• Don’t be rude or use slang: Avoid using slang, jargon, or casual words as they might result in poor, unsuitable, or unprofessional replies from Copilot.
  • Don’t change topics in the same conversation: Stick to one topic in the same conversation: Complete or end a task before moving on to another one.
  • Don’t give conflicting instructions: Don’t ask Copilot to do a task that has different or contradictory information in the same request. This can make the AI unsure of what you want and lead to worse responses.
  • Don’t expect mind reading: Copilot doesn’t have access your personal thoughts, previous experiences, or specialized knowledge unless you tell them clearly in the conversation.

If you need additional help, you can check out the Copilot Lab from Microsoft. They will give you some good prompt examples you can leverage in your daily tasks.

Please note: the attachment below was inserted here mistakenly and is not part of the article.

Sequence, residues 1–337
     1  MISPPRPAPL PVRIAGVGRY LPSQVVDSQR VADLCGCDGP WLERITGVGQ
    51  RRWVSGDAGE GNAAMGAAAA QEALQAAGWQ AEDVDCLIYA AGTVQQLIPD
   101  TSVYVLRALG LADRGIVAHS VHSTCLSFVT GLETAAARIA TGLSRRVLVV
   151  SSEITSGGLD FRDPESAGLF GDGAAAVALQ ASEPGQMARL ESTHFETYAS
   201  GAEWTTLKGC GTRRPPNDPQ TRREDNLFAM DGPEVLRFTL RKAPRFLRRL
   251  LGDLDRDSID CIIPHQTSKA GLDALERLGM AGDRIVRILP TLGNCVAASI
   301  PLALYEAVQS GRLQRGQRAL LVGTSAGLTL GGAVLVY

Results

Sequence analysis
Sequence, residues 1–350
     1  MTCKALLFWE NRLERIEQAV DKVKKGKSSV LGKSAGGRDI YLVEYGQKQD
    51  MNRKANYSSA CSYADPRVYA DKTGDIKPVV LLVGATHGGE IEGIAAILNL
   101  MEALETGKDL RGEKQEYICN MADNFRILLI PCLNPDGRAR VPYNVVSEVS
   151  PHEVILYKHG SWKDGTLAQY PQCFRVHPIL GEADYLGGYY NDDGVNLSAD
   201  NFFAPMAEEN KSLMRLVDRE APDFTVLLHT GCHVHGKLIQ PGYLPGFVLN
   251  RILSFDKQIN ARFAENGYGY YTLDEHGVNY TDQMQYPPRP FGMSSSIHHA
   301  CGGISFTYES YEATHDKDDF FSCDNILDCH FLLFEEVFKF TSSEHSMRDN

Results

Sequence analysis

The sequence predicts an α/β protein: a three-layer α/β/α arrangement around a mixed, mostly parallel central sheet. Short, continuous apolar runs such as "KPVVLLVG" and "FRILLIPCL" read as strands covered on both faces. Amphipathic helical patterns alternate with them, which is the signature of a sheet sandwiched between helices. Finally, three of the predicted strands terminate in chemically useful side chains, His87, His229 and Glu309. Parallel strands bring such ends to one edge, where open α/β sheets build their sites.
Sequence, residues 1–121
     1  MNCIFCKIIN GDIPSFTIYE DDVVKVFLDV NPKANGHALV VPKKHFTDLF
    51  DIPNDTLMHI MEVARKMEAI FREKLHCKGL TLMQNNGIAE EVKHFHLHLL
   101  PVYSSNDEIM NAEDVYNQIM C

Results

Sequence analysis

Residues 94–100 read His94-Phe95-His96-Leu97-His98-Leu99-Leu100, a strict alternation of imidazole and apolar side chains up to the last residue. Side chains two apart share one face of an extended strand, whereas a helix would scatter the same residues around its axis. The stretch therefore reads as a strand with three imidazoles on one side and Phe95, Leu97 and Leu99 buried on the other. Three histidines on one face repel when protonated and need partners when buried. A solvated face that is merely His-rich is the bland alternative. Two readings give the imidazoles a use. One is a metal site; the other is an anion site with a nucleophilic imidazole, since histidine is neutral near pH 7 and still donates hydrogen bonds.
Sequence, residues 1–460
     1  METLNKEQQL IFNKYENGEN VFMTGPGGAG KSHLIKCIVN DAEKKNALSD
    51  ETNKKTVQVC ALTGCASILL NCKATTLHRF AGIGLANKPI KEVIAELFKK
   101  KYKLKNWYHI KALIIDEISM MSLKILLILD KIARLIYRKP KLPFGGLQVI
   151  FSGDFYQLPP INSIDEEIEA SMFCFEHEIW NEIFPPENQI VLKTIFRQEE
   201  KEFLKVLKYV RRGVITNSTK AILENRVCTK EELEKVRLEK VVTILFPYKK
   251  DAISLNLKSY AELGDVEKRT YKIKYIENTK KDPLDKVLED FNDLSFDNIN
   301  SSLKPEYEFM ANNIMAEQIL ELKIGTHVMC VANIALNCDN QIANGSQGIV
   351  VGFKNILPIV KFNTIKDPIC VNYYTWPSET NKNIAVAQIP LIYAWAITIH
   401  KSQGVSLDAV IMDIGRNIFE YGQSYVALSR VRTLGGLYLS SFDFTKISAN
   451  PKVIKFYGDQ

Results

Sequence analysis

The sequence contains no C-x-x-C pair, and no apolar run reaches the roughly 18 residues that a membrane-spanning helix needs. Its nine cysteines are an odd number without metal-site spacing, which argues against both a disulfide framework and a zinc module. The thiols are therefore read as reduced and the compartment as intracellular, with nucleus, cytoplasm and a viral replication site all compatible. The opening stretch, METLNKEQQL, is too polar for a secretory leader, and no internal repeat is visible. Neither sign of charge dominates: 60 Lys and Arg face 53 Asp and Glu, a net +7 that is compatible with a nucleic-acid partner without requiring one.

Copilot is a useful tool that can assist you with different tasks. To make the best use of Copilot, you need to write clear prompts that convey your aim, background, criteria, and origin. By applying the best practices of prompt engineering, you can improve Copilot’s performance and benefit from its potential.


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Softlanding is a long-established IT services provider of transformation, professional services and managed IT services that helps organizations boost innovation and drive business value. We are a multi-award-winning Microsoft Gold Partner with 13 Gold Competencies and we use our experience and expertise to be a trusted advisor to our clients. Headquartered in Vancouver, BC, we have staff and offices in Toronto, Montreal and Calgary to serve clients across Canada.